Reduce alcohol and sugar consumption. Even moderate alcohol consumption suppresses the central nervous system and therefore your immune system. Consuming too much sugar can suppress the immune system and make it more difficult for your body to fight off infections such as the flu.
Reduce your stress. Stress is known to suppress our immune systems. Consider the use of meditation, yoga, or acupuncture for additional relaxation techniques.
Get 7 to 9 hours of sleep every night. Your body relies on sleep to recuperate from daily exposure to toxins. Chronic sleep deprivation can significantly reduce immune function.
Take glutathione, turmeric, and vitamin C. Antioxidants are very important for your immune function. Glutathione is the chief antioxidant in your body, responsible for enhancing your immune system and helping your liver eliminate harmful waste. Curcumin is the orange pigment in turmeric and a potent antioxidant that improves joint health and cardiovascular function. Curcumin is also anti-inflammatory, which helps reduce systemic inflammation. Vitamin C provides potent antioxidant protection and supports optimal immune function.
Take an immune booster. Give your immune system an added boost with some immunoglobulins and proteins. Adding a protein drink with immunoglobulins and a high amino acid score to your diet can boost immune function.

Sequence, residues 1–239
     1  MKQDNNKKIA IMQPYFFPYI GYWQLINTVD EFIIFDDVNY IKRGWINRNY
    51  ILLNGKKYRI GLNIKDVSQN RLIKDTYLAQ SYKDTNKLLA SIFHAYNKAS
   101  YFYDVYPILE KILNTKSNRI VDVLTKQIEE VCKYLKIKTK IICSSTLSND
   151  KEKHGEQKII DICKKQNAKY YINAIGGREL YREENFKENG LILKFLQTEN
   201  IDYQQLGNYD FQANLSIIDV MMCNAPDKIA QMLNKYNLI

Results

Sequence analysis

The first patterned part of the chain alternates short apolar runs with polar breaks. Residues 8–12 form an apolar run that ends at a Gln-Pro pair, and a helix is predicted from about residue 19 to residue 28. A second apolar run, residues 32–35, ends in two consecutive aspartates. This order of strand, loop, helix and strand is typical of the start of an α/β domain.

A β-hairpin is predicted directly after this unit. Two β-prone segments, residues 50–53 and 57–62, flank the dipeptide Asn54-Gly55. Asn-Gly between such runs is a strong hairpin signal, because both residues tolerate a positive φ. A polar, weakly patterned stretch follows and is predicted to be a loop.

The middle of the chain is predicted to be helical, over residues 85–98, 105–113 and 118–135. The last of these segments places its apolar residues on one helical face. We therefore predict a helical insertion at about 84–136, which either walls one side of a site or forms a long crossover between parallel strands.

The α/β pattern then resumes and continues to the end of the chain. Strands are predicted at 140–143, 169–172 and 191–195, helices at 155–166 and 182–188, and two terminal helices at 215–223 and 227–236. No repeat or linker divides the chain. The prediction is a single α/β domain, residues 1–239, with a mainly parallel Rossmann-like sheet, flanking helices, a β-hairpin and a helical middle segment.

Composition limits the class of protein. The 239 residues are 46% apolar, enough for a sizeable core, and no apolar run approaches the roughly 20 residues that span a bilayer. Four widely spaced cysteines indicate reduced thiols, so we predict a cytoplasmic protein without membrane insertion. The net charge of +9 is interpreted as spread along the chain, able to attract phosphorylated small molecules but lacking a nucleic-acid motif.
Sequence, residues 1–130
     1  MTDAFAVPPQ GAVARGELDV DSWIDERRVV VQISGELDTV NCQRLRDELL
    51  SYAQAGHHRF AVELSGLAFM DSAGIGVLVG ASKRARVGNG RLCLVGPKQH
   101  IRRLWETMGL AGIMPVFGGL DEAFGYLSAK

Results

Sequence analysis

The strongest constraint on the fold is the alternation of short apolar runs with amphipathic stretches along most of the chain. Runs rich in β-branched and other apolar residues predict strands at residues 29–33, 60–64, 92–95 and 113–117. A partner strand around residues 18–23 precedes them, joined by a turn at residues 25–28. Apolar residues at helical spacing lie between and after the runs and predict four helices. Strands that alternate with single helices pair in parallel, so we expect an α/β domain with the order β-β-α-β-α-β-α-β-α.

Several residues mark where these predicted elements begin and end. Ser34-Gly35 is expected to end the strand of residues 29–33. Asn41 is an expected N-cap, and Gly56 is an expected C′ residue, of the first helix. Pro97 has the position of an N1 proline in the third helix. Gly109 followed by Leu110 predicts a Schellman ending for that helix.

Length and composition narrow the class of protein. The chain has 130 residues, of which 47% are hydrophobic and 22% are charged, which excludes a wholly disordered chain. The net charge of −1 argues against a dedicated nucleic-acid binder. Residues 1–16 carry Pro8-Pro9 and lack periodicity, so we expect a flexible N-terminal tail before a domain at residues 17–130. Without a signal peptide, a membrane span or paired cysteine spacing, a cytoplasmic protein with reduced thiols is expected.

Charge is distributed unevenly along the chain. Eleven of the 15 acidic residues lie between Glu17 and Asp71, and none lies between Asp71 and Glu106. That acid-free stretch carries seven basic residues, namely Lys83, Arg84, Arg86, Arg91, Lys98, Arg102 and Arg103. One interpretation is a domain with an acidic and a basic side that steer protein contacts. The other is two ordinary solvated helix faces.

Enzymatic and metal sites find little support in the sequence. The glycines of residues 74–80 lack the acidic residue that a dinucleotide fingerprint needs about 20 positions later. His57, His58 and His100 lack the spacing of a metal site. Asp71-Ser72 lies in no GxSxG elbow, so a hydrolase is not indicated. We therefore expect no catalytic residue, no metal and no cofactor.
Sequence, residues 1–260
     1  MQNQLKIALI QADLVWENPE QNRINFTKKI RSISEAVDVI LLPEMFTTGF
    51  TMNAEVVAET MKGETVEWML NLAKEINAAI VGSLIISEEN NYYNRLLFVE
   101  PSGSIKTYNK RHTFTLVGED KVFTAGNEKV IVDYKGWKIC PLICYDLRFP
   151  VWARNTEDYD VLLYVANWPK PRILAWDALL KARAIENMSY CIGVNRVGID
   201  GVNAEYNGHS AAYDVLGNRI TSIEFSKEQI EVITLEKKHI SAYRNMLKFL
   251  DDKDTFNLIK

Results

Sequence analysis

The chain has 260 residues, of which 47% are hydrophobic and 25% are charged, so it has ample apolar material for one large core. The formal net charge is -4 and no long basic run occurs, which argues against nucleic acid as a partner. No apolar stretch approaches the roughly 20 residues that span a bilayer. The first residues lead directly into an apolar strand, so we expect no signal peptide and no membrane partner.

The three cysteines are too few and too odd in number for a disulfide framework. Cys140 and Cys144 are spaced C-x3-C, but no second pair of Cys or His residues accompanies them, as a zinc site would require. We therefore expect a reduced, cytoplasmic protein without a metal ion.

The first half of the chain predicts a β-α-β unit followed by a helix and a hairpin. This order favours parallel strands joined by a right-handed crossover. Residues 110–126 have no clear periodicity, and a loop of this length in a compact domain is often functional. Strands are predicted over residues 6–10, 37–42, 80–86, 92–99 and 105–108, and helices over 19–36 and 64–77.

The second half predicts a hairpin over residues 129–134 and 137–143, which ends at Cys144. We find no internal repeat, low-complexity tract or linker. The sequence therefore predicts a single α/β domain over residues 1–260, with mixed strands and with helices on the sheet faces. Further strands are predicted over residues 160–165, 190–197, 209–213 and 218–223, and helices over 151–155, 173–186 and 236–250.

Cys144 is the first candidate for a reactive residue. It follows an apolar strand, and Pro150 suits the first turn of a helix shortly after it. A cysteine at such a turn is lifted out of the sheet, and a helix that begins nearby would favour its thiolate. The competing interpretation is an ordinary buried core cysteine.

Optimize vitamin D. Vitamin D is a powerful immune system modulator. Optimal levels range from 50 to 70 nanogram/milliliter. For many, that can mean taking up to 5,000 international units per day. However, I don’t recommend this unless you’re followed closely by a physician.
Consider a zinc supplement. Zinc is another powerful antioxidant that plays a crucial role in immune health. Within the immune system, zinc is needed for gene regulation and the functioning of neutrophils, natural killer cells, and lymphocytes. Individuals with a zinc deficiency are highly susceptible to a number of pathogens, including the influenza virus. But be aware, high doses of zinc can deplete your copper levels.
Get plenty of exercise. Exercise can boost your immune system by increasing your circulation and relieving stress. Increased circulation allows antibodies to travel throughout your bloodstream faster, making it easier for your immune system to fight off an illness. Exercise can also enhance your immune system by relieving stress and slowing the release of stress hormones in the body.
In addition to these considerations, remember that attitude matters. Thousands of years ago, King Solomon wrote an excellent prescription for health.
“A happy heart is good medicine and a joyful mind causes healing,” he wrote.
Drs. Mark and Michele Sherwood are the founders of a successful medical practice and help patients from around the world find the health they were created to enjoy, in every area of life. As bestselling authors, podcasters, movie producers, and media personalities, they founded Hope Dealers International to reach beyond their clinic. Visit Sherwood.tv.